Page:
Rebecca Wood
Rebecca Wood
Be Nourished

Recipe

Ruby Sauerkraut with Caraway

Accompanying article: Fermented Foods Strengthen Immune System

Tangy and delicious homemade sauerkraut is a living cultured food that is high in lactic acid., it strengthens your immune system and has other remarkable healing properties. Refrigerated kraut holds well for months and gets sassier as it ages.

Iin this easy kraut recipe, I vary the seasonings from batch to batch. My favorites include cumin, dill, seaweed, garlic, ginger, juniper and chili. This recipe takes its color from the beet, but purple cabbage yields a similar ruby color. To make a pale-colored sauerkraut, omit the beet and use green cabbage.

Three things that prevent spoilage are salt, an anaerobic (air-free) environment and lactic acid fermentation. The weight you’ll apply on top during fermentation keeps the cabbage submerged under the brine and, thus, in an anaerobic environment. Lastly, as the cabbage ferments, lactic acid develops which creates an undesirable environment for potential microbial contaminants.

Makes approximately 3 ½ cups

1 medium-large head organic cabbage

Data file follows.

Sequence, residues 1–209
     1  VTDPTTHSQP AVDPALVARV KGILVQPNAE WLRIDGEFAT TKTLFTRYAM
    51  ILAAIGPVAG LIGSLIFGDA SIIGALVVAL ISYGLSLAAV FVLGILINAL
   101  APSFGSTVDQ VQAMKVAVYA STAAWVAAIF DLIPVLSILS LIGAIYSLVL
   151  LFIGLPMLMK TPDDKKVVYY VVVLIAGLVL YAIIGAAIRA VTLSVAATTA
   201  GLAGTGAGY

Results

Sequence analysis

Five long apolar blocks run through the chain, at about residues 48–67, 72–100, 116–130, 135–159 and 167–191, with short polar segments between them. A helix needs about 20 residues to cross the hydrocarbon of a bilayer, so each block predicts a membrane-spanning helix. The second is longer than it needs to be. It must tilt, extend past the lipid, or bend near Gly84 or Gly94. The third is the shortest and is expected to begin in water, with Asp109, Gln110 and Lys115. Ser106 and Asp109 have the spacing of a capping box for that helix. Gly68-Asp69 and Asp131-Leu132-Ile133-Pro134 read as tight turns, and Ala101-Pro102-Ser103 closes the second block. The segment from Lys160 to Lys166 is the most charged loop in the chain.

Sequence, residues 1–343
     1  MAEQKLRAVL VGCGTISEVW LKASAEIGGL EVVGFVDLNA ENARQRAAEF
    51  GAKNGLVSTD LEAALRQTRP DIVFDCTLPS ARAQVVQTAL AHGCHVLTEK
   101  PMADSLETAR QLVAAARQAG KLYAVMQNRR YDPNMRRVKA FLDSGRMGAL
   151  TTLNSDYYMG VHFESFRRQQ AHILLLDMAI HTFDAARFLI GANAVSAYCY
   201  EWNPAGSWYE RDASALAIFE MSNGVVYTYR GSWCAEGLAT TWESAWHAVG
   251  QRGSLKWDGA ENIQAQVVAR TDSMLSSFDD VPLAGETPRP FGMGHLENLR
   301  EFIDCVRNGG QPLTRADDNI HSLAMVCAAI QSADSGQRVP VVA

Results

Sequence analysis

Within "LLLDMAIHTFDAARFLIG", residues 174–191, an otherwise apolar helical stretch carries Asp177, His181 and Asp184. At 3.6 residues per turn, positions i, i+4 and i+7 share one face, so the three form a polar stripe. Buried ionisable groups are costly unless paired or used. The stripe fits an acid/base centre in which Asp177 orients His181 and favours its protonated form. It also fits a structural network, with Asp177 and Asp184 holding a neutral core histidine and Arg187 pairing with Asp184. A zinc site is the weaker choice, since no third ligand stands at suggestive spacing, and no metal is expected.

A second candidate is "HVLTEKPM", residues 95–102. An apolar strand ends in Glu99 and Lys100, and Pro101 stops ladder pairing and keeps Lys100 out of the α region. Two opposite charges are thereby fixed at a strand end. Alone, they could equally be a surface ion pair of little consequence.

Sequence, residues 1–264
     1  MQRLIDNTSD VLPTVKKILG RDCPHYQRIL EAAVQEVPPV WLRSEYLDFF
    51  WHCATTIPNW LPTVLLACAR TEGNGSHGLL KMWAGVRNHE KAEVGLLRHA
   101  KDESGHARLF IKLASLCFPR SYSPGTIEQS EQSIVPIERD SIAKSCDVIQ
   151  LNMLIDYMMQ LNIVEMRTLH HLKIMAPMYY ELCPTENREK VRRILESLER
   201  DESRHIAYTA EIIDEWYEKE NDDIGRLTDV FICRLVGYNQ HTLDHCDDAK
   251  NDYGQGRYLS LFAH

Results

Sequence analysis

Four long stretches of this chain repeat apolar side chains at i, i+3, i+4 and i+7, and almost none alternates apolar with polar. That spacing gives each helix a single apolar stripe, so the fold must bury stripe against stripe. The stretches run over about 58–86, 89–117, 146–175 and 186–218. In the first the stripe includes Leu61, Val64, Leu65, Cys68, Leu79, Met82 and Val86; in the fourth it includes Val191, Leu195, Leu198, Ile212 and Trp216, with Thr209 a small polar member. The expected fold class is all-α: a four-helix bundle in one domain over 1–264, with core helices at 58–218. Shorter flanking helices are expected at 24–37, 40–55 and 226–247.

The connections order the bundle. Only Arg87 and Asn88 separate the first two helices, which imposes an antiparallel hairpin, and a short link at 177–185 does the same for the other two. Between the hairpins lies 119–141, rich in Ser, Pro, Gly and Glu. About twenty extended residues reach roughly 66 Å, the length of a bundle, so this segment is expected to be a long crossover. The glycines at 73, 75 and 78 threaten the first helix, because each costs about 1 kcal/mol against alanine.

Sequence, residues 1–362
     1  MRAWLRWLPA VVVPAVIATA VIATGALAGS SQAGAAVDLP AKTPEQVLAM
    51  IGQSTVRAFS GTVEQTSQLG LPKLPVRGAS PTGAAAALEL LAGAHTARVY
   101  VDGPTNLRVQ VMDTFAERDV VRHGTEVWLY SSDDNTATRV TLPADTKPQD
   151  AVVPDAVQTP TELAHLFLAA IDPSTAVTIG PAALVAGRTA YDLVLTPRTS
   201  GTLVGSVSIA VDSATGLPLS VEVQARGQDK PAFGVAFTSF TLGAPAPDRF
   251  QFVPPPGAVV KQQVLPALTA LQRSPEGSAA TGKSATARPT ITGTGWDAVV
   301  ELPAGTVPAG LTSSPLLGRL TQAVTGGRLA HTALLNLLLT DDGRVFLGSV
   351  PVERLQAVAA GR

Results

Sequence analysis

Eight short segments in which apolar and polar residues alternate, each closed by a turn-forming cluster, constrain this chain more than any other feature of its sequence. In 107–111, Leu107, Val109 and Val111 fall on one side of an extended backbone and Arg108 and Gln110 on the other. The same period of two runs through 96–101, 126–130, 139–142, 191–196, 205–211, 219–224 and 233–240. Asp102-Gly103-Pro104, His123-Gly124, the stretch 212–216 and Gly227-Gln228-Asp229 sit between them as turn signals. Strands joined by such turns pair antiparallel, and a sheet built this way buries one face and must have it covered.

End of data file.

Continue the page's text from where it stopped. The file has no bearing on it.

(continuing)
1 small beet
2 minced garlic cloves
1 teaspoon caraway seeds, toasted
1 tablespoon sea salt

Remove any coarse or dry outer cabbage leaves. Cut the cabbage lengthwise into quarters. Grate the cabbage, core and all, and the beet: using the fine grater of a food processor; or shred cabbage finely with a knife and grate the been on the  ¼-inch holes of a hand grater.  Mix the vegetables with the garlic, caraway seeds and salt.

Firmly pack into a glass container such as a wide-mouth quart jar, filling it almost to the brim. Set the jar on a plate to collect any potential overflow. Apply pressure to the vegetable shreds with a weight that’s small enough to nest inside of the jar. This weight may be a clean rock, a water-filled drinking glass or a bottle (such as a plastic water bottle or soy sauce jar with its label removed).

Rest the weight atop the grated vegetables. Brine forms and typically will rise to the surface within 8 hours. (If the brine fails to rise and cover the vegetables then dissolve 1/2 teaspoon salt in 1/2 cup boiling water. When cool, add enough salt-water brine to cover the vegetables.)

The kraut will be ready in 5 to 7 days, or when it has a pleasant and tangy fermented flavor and the cabbage shreds are translucent rather than opaque. (To heighten the sour flavor, ferment for up to 10 days.) Remove the weight. Remove and discard any bubbly foam or discolored kraut from the top of the jar. Wash and tightly cover the jar. Refrigerated. kraut will keep for 6 months. 

Serve as a condiment, allowing 1 -2 tablespoons per person. You may also add kraut to salads, sandwiches or use it as a flavoring agent in dressings and soups.

 

 

May you be well nourished,

Rebecca Wood